Milking it: Which variety is best for you
It’s a juggling act for baristas. A latte with soy? Or is almond or rice milk trendy this week? We unlock some milk myths.
We’ve been drinking it for thousands of years, but in recent times cow’s milk seems to have fallen out of fashion. Along came hip, healthy- sounding milks to fill the void and our coffee cups. But with so many milk products on the market, it’s hard to know which variety is the best for us.
According to Bupa’s accredited practising dietitian Rosalyn D'Angelo good old fashioned cow’s milk is superior to any other milk on the market.
“Regular cow’s milk is a powerhouse of nutrition,” says D’Angelo. “If you have no trouble digesting cow’s milk it’s the best option.”
D’Angelo says it’s a great source of calcium, protein and vitamin D, which helps absorb calcium into your bones.
“If you’re a person who can’t digest lactose, yes, cow’s milk can cause you issues, so my suggestion would be to chose lactose-free cow’s milk because it’s nutritionally identical in terms of protein and calcium. It’s just lactose free,” says D'Angelo.
Cow’s milk is higher in saturated fats than the nut milks, so D'Angelo recommends choosing reduced fat milk.
Milk myth: Some believe when the fat is removed from milk, the goodness goes with it. This isn’t true according to D'Angelo, who says reduced fat and skim milk still have all the nutrients found in full fat varieties.
Soy milk is a great source of plant protein, which makes it a good choice for vegetarians or those wanting to boost their protein intake.
It has almost as much protein as cow’s milk, but D'Angelo says soy is naturally quite low in calcium.
“If you’re going to chose soy milk, it’s a healthy option; you’d just choose calcium fortified soy milk,” says D'Angelo.
D'Angelo says it’s also important to be careful of the sugar content, and recommends using the free Food switch app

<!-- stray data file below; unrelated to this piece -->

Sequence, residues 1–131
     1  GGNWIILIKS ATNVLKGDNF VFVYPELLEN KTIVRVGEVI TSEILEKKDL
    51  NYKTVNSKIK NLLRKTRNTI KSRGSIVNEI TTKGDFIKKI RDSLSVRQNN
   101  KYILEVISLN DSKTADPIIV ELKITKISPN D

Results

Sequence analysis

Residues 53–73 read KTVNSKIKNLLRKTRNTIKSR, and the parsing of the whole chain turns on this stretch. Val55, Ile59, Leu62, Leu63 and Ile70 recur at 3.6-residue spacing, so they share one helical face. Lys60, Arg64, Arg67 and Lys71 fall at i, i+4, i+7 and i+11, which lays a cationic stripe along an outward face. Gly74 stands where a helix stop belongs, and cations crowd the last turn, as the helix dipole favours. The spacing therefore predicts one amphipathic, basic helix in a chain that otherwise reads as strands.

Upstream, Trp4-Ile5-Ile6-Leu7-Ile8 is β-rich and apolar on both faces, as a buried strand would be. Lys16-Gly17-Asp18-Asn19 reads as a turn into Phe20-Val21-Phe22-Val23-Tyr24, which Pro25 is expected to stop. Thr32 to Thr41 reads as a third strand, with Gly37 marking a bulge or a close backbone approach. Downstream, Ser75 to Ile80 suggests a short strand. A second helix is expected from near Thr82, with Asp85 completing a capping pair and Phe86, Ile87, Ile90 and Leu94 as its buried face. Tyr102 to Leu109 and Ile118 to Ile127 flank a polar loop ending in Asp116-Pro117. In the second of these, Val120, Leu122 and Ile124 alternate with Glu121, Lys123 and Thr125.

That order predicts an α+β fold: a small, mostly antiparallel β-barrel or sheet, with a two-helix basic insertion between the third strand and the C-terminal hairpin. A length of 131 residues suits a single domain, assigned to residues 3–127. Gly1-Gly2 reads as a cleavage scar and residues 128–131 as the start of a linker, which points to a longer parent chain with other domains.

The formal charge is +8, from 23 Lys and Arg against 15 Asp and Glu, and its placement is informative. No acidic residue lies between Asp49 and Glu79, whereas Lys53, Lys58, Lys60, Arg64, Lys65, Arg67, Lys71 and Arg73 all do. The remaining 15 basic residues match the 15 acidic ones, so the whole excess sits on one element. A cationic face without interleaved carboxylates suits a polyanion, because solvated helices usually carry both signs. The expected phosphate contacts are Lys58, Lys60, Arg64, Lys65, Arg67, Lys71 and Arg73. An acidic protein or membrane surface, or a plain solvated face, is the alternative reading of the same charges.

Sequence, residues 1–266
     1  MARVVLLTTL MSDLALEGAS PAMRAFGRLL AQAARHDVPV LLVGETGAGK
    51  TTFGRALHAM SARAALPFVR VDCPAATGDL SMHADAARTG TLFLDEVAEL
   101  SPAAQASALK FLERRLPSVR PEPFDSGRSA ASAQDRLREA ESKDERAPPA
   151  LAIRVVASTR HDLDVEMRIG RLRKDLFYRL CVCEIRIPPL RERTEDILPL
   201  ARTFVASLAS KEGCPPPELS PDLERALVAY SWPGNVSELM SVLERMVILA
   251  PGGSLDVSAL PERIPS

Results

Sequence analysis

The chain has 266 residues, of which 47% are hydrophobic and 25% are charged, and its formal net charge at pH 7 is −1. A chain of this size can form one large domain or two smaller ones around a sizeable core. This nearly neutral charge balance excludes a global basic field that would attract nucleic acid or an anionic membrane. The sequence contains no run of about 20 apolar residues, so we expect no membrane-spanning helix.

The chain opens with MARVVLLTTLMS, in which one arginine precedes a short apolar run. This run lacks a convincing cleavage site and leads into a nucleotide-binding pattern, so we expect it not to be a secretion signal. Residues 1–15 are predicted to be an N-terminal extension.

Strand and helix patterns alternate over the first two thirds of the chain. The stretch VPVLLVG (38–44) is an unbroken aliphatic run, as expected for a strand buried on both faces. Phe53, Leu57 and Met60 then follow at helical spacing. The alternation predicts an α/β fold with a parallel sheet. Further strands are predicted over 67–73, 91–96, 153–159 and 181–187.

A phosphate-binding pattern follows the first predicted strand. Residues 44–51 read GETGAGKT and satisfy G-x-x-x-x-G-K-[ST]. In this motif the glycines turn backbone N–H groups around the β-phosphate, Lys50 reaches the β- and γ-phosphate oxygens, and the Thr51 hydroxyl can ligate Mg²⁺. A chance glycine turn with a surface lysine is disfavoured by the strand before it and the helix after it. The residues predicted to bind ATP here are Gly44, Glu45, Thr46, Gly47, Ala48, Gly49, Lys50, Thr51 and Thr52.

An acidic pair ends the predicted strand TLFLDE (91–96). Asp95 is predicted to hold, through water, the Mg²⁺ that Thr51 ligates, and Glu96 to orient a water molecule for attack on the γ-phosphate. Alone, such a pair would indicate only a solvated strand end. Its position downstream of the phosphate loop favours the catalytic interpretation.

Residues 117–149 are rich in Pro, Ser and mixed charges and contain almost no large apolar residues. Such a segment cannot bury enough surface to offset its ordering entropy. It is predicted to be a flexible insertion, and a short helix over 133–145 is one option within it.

to find the best option on the supermarket shelf.
Fact: Isoflavones, a class of phytoestrogens found in soy milk, mimic the role of oestrogen. Around the time of menopause soy products may help reduce the effects of menopause.
While almonds are naturally a good source of calcium, D'Angelo says almond milk doesn’t have anywhere near as much calcium as cow’s milk.
“In terms of the calcium content you’re looking at about 180mg per serve versus 300mg for a glass of cow’s milk or fortified soy milk.”
Almond milk is very low in protein, but on the upside it’s also free of cholesterol, saturated fat and lactose.
“It just doesn’t quite match up to cow’s milk in terms of calcium and protein.”
“You’d be better off having almonds as part of a healthy diet, and then getting your calcium and protein from diary, but it’s a preference thing.”
If you chose to drink almond milk, D'Angelo recommends looking for a product which is calcium fortified.
This milk, made from a fermented grain or flower, is a good choice for those with a nut allergy or for vegans.
D'Angelo says rice milk is very low in protein and calcium, so she recommends calcium-fortified varieties.
There are two types of beta-casein protein found in cow’s milk. A1 and A2. A small percentage of people have trouble digesting A1 protein, which is how A2 milk was born.
According to D'Angelo A2 milk is no better for you than cow’s milk, unless you have trouble digesting A1 protein.
“It’s nutritionally identical in terms of calcium and protein. It’s just only got A2 protein and it’s more expensive because they’ve handpicked the cows.”
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D'Angelo says while it may have fallen out of fashion, ordinary cow’s milk is our best source of calcium.
She says calcium essential for bone health to prevent serious long-term conditions like osteoporosis, but also for muscle contraction, heart and enzyme functions.
According to the Australian Dietary guidelines
men and women aged 19–50 years should have two and a half serves of reduced fat dairy products every day.